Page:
The Definitive Guide to Business with Marcus Lemonis

3 things every great boss does, according to self-made millionaire Marcus Lemonis

Marcus Lemonis: In business, your employees have to come first

Bosses come in all shapes and sizes. Some make you feel happy and productive, while others make work pretty difficult.

Self-made millionaire Marcus Lemonis has seen nearly every kind of leader as the host of CNBC's "The Profit," on which he invests his own money to help struggling companies meet their challenges head on. In this week's episode, Lemonis reflects on all that he's learned from working work with and investing money in dozens of leaders — both great and not-so-great.

The best bosses, he says, do these three things:

1) They treat others well

An inspiring leader makes an effort to see his or her employees as real people, according to Kim Scott, a former Google executive turned Silicon Valley CEO coach.

Leslie Knope of NBC's 'Parks and Recreation' is, by most standards, a great boss.
NBCUniversal Media

"It's not enough to care only about people's ability to perform a job," she writes in her book "Radical Candor."

"It's about giving a damn," the former Google exec told CNBC Make It in an interview, "sharing more than just your work self and encouraging everyone who reports to you to do the same."

To start, try recognizing good work or improvement more often, sharing personal anecdotes, asking follow up questions in conversation and being honest and direct if something isn't right.

2) They build balanced teams

Let go of the pressure to do everything yourself, because when it comes down to it, you probably can't. That's something even Mark Zuckerberg, Facebook CEO and co-founder believes.

"No one does it alone," Zuckerberg said in a September speaking event. "When you look at most big things that get done in the world, they're not done by one person, so you're going to need to build a team."

When you look at most big things that get done in the world, they're not done by one person.
Mark Zuckerberg
Facebook CEO and co-founder

Whether you're hiring a direct-report, employee, consultant or intern, look for someone who has skills you struggle with.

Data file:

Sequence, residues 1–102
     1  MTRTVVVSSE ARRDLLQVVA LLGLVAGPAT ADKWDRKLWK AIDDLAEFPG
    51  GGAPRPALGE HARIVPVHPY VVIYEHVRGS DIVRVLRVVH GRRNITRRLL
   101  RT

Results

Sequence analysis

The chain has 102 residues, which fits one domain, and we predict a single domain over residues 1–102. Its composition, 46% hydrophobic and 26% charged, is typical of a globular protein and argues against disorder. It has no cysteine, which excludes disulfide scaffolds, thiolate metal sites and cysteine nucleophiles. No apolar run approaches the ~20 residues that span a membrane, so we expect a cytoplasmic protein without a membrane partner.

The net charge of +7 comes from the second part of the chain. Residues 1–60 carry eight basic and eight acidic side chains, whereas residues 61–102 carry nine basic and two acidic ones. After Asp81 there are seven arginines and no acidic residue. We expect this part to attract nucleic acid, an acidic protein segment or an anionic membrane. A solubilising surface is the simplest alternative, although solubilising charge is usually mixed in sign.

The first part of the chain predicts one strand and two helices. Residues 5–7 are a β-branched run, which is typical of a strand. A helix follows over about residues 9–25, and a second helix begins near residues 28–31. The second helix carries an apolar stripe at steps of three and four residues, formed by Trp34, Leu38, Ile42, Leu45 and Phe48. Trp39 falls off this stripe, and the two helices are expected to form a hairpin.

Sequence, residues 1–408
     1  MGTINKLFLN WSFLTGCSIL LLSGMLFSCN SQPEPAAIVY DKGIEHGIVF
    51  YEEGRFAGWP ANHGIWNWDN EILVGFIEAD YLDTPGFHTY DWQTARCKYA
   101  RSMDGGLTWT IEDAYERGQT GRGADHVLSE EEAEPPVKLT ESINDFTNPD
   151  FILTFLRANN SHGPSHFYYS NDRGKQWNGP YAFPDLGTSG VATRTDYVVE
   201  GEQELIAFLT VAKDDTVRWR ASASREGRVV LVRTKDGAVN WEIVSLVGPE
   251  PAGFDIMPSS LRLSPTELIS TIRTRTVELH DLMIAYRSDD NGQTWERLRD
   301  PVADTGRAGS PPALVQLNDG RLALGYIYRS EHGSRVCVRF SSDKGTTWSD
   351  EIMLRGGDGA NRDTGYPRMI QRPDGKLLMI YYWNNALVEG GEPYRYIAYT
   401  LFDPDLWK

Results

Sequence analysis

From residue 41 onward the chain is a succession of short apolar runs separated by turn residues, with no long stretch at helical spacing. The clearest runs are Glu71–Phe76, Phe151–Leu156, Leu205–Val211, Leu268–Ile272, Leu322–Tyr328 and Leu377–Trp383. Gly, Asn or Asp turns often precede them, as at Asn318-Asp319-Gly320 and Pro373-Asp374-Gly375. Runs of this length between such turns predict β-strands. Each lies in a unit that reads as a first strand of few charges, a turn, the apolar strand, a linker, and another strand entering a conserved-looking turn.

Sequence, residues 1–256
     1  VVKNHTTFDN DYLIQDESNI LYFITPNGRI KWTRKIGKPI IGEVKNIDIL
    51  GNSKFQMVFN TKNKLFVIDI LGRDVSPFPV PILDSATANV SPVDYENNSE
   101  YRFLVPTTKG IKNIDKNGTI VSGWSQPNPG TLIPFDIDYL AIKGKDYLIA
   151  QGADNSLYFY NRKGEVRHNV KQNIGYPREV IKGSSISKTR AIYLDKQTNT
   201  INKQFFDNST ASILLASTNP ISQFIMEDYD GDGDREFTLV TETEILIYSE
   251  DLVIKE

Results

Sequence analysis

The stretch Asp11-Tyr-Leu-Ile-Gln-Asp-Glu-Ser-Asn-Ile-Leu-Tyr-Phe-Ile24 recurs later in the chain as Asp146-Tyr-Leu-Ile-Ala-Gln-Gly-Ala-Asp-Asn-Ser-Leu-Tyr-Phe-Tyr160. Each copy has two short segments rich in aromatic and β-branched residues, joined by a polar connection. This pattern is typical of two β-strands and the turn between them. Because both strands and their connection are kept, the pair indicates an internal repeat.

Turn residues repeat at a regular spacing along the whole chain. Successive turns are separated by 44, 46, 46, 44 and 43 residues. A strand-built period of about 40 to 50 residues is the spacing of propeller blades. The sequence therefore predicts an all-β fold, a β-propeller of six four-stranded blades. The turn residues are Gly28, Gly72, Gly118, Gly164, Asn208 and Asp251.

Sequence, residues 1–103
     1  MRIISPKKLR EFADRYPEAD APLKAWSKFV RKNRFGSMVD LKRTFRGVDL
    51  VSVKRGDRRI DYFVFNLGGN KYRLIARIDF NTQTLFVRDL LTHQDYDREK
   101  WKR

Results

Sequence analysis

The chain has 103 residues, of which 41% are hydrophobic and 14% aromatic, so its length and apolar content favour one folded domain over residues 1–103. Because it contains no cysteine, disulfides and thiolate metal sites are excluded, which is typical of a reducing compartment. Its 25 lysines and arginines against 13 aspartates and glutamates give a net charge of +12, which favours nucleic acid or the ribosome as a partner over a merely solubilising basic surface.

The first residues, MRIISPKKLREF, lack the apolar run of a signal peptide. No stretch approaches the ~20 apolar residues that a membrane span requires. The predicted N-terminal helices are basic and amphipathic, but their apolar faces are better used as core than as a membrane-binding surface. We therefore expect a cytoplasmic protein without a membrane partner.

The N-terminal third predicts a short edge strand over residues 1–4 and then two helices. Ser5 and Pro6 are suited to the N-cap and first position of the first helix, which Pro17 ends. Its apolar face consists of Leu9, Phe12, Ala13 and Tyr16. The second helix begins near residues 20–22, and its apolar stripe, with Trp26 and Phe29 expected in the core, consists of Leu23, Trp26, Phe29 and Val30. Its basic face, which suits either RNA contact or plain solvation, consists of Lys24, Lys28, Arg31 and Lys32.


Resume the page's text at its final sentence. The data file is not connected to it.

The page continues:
For example, if you're great with technical tasks your company requires, but need someone to help communicate that vision, consider hiring someone who has great speaking skills.

If you're great at selling a product, but need someone who is more organized to keep track of expenses or inventory, act on that in your next hiring round.

Top Silicon Valley CEO coach: This is what separates the good bosses from the bad ones

3) They motivate others

Ignore the Machiavellian advice that it's better to be feared than loved.

"I always tell people to encourage their employees, incentivize them," Lemonis says. "Make them more attached to the business, not less."

By using inspiring words, positive body language and taking the time to help your employees reach their goals, you can create a place people look forward to coming to every morning.

Being a better boss won't just boost your own confidence. It will also improve your performance. The research is clear: A great boss can make employees happier and much more productive.

"That's the number one takeaway," Lemonis says, "how to treat people."

Check out What to do if you haven't found the perfect job yet, according to a top Deloitte exec

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Video by Zack Guzman.

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